by Matthew Stollak on Friday, March 30, 2012

The state of Wisconsin has seen some tumultuous times with the election of Scott Walker as Governor, and the subsequent effective end of collective bargaining for most state employees.

However, one of the more intriguing outcomes from the 2011-2013 budget bill is the University of Wisconsin is charged with redesigning its human resource system.  Titled the "Human Resource Design Project," a group, known as the Badger Working Group, comprises representatives of employee and governance groups, and is guided by the following principles:

  • Be transparent and collaborative.
  • Include regular consultation with the elected governance bodies of the faculty, staff and students; alternative, nonelected groups may not substitute for the formal governance processes.
  • Include stakeholder consultation and participation.
  • Maintain open communications with UW System, which also will be developing a new personnel system for all system employees except those at UW-Madison.
  • Include an examination of other organizations, particularly higher education institutions, with the goal of identifying best practices for UW-Madison.
Robert Lavigna, UW-Madison's Director of Human Resources, talks about the new Human Resources Design Project in the video below:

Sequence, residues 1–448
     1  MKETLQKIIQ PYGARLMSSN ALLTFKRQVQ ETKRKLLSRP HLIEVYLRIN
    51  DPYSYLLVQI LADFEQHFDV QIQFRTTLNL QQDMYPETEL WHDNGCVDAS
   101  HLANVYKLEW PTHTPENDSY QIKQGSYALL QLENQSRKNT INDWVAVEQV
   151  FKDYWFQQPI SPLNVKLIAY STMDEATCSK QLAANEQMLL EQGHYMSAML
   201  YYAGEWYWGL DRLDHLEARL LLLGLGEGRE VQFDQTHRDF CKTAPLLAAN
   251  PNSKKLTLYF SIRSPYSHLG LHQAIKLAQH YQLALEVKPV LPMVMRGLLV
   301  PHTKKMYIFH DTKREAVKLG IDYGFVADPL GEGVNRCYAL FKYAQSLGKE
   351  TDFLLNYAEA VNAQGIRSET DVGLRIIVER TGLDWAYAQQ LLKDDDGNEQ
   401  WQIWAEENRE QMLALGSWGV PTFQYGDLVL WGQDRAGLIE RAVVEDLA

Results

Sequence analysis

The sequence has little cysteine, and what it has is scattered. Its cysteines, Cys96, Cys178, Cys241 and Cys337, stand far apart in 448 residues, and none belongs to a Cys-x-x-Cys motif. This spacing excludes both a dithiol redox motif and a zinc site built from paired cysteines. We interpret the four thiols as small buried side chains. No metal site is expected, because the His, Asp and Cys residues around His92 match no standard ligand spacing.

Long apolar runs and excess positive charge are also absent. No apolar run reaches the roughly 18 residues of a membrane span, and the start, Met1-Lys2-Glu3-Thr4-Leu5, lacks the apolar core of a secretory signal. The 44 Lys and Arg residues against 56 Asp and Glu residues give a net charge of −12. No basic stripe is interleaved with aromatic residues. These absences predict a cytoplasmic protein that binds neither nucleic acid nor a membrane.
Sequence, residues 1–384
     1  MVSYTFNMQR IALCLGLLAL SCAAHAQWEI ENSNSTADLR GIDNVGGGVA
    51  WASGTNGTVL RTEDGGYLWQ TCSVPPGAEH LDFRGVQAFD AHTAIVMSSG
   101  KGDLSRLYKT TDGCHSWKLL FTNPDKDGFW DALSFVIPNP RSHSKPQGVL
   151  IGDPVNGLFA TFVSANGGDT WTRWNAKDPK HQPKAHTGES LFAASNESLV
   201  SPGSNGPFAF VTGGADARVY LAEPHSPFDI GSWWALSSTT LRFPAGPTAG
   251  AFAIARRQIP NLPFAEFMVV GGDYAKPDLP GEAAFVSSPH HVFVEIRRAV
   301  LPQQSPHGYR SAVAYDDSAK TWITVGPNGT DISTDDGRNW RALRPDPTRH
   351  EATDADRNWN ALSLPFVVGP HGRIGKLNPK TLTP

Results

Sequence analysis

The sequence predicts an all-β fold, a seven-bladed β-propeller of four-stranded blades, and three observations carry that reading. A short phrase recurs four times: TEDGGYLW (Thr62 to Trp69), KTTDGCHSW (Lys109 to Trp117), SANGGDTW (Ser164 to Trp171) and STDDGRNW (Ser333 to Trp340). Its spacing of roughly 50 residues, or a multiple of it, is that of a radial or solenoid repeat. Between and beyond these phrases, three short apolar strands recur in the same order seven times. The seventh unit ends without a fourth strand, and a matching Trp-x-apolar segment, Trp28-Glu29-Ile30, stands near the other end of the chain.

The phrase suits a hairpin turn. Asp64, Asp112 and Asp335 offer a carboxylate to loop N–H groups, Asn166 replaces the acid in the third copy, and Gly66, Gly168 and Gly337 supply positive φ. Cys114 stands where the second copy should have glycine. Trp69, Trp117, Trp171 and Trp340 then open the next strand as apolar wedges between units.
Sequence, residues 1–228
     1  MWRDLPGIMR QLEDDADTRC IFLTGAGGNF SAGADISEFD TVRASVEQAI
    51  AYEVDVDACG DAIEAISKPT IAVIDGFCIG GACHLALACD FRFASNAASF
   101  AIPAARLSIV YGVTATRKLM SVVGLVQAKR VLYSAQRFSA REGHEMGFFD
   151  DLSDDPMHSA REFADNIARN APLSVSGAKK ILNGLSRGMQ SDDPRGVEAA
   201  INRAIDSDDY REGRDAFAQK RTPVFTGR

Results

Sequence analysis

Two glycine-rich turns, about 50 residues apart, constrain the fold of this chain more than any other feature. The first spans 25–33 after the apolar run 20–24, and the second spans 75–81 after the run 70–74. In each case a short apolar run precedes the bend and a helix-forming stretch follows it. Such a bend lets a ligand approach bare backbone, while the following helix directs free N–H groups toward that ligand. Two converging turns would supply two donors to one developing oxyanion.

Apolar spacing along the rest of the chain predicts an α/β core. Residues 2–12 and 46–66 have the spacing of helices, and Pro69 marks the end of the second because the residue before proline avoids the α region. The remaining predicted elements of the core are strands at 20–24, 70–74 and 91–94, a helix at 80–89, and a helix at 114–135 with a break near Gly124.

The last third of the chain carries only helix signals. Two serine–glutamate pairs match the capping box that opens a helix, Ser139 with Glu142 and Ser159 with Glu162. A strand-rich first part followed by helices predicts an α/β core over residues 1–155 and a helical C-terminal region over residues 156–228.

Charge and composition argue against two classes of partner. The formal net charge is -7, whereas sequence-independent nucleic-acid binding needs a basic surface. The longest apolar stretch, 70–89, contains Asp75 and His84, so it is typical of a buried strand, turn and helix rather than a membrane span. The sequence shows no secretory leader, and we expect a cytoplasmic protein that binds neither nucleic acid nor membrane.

This project has significant involvement from a wide variety of constituencies across the UW-campus.  According to Darrell Bazzell, University of Wisconsin-Madison vice chancellor for administration:
This project is organized into an advisory committee and 11 work teams that represent stakeholders from across the campus, including faculty and staff, labor organizations and students. This diversity is allowing a wide range of perspectives to be represented. More than 150 members of the campus community are on these work teams, drafting initial recommendations to reform our personnel system. Part of their responsibility is to share information about the teams' progress with their constituent groups.

The project has not been without its hiccups in its early stages as there was concern whether meetings were transparent enough to allow the many voices to be heard.

It will be interesting to see how this project unfolds.  The old proverb of a "A camel is a horse designed by a committee" comes to mind.

Do people really want to see how the HR sausage is made?

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